Many computational efforts in support of the Human Cell Atlas are underway in the research community, and new methods are needed. This RFA aims to support further development and systematic comparison of methods across existing and new benchmark datasets derived from single-cell RNA sequencing, bulk RNA sequencing, proteomics, image-based transcriptomics, and other tissue imaging approaches. The RFA will also support new analysis and visualization methods, and new approaches to integrating data across modalities. The goal is to support a diverse set of well-validated tools to analyze, consume, integrate, and explore Human Cell Atlas data.
To help the resulting tools reach the widest possible audience, scientists and engineers from the Chan Zuckerberg Initiative will collaborate with researchers on projects funded by this RFA to help bring tools to the scientific community; for example, by helping to enhance or package software with an emphasis on scale, robustness, speed, interoperability, web-based dissemination, and user experience. There will also be opportunities for new tools to connect to and leverage the Human Cell Atlas Data Coordination Platform (https://www.humancellatlas.org/data-sharing), which provides infrastructure for data sharing and cloud computing.
This effort is also a pilot project for new models of collaborative computational research. With the assistance of the Chan Zuckerberg Initiative, project participants will be expected to share their proposals within the collaborating framework, attend regular meetings, workshops, and hackathons, and communicate their ongoing progress through GitHub and Slack. We welcome submissions that represent pre-existing collaborative efforts, but as part of the broader collaborative goals of this RFA, we require each principal investigator to submit a separate application, rather than serving as a co-principal investigator on a shared application.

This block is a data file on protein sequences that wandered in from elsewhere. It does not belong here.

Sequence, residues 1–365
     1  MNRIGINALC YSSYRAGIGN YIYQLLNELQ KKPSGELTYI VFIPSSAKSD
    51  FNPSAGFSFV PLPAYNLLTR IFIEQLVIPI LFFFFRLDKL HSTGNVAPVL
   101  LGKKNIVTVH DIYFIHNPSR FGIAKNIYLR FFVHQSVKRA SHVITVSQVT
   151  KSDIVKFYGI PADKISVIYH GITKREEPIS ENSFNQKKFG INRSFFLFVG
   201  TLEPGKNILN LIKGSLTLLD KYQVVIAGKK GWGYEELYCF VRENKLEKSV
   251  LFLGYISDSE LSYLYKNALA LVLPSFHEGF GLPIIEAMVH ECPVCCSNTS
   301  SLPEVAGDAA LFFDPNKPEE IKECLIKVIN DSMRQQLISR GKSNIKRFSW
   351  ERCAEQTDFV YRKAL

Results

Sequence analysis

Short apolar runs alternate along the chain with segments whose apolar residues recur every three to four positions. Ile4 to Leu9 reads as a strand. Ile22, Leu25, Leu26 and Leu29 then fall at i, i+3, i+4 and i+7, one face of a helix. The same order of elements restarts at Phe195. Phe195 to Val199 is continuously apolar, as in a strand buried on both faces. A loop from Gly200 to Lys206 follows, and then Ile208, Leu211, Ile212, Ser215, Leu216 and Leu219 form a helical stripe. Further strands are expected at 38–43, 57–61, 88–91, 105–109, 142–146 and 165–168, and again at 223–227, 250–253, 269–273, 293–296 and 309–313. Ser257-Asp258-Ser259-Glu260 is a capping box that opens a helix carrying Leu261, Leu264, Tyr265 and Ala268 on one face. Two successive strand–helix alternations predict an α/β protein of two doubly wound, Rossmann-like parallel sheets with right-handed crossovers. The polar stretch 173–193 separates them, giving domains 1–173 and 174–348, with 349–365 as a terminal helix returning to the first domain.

The goals of this RFA include, but are not limited to:
- Developing standard formats and analysis pipelines for genomic, proteomic, and imaging data, in forms that enable consistent use of these pipelines by numerous experimental labs
- Identifying and solving common challenges for web-based interactive visualization of cellular and imaging data
- Developing user tools that allow scientists and physicians to extract and analyze data organized by genes, cells, or tissues of interest
- Supporting analytical methods and machine learning approaches to solving problems such as multimodal integration, inference of state transitions and developmental trajectories, and representation of spatial relationships at the cellular or molecular level
- Generating curated benchmark datasets from new or existing data for evaluating computational methods and designing future analysis competitions
- Developing new computational approaches to comparing and normalizing genomic and imaging data across assays, subjects, and species
- Generating experimental datasets that directly address computationally-guided questions in quality control, reproducibility, or multimodal integration
Although the focus of the project is analysis of human data, we are interested in new ideas and will consider proposals that focus on data from human tissues, non-human animals, organoids, and cell lines. We encourage proposals from areas of machine learning entirely outside of computational biology, e.g. deep learning. Proposals will be evaluated based on the computational novelty and viability of the method, a commitment to collaboration, the intention to interoperate with existing efforts such as the Human Cell Atlas Data Coordination Platform, and a plan to ensure that software is sharable, portable, and reproducible.